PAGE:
Article 36 A contract, which shall be concluded in written form as provided for by the laws and administrative regulations or as agreed upon by the parties, shall be established, as the parties do not use the written form, but one party has performed the principal obligation and the other party has received it.
Article 37 A contract, which is concluded in written form, shall be eslablished, if one party has performed its principal obligation and the other party has received it before signiture or affixing with a seal.
Article 38 In case the State issues a mandatory plan or a State purchasing order task based on necessity, the relevant legal persons or other organizations shall conclude contracts between them in accordance with the rights and obligations as stipulated by the relevant laws and administrative regulations.
Article 39 Where standard terms are adopted in concluding a contract, the party which supplies the standard terms shall define the rights and obligations between the parties abiding by the principle of fairness, request the other party to note the exclusion or restriction of its liabilities in reasonable ways, and explain the standard terms according to the requirement of the other party.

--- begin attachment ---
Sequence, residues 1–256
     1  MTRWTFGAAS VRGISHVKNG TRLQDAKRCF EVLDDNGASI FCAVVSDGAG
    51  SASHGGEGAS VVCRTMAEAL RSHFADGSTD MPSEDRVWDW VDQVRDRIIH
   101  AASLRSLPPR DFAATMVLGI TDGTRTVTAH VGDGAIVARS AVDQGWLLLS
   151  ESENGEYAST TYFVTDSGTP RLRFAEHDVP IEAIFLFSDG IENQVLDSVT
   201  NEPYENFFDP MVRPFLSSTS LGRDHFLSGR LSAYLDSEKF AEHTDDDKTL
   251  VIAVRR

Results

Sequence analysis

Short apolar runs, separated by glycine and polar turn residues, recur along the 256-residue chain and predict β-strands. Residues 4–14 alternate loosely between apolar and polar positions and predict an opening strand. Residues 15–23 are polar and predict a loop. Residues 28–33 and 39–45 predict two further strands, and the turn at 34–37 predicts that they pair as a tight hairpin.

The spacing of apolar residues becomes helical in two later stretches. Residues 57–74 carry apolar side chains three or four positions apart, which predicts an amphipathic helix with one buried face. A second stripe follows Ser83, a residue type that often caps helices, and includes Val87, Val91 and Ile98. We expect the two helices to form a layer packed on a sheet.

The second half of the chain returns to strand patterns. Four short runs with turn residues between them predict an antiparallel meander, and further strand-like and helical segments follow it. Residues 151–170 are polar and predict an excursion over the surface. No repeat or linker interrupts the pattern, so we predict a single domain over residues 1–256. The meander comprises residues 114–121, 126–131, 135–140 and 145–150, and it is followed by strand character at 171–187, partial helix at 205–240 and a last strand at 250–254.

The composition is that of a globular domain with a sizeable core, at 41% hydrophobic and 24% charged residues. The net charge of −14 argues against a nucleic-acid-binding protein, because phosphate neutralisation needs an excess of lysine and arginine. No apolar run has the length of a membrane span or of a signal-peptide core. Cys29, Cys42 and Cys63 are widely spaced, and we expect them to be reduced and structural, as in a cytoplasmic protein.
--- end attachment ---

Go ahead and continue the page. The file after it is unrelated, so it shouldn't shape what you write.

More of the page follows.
Standard terms are clauses which are prepared in advance for general and repeated use by one party and which are not negotiatied with the other party in concluding a contract.
Article 40 When standard terms are under the circumstances stipulated in Article 52 and Article 53 of this Law, or the party which supplies the standard terms exempts itself from its liabilities, weights the liabilities of the other party, and excludes the rights of the other party, the terms shall be null and void.
Article 41 If a dispute over the understanding of the standard terms occurs, it shall be interpreted according to general understanding. Where there are two or more kinds of interpretation, an interpretation unfavourable to the party supplying the standard terms shall be preferred. Where the standard terms are inconsistent with non-standard terms, the latter shall be adopted.
Article 42 The party shall be liable for damages if it is under one of the following circumstances in concluding a contract and thus causing losses to the other party:
(1) disguising and pretending to conclude a contract, and negotiating in bad faith;
(2) concealing deliberately the important facts relating to the conclusion of the contract or providing deliberately false information;
(3) performing other acts which violate the principle of good faith.
Article 43 A business secret the parties learn in concluding a contract shall not be disclosed or unfairly used, no matter the contract is established or not. The party who causes the other party to suffer from losses due to disclosing or unfairly using the business secret shall be liable for damages.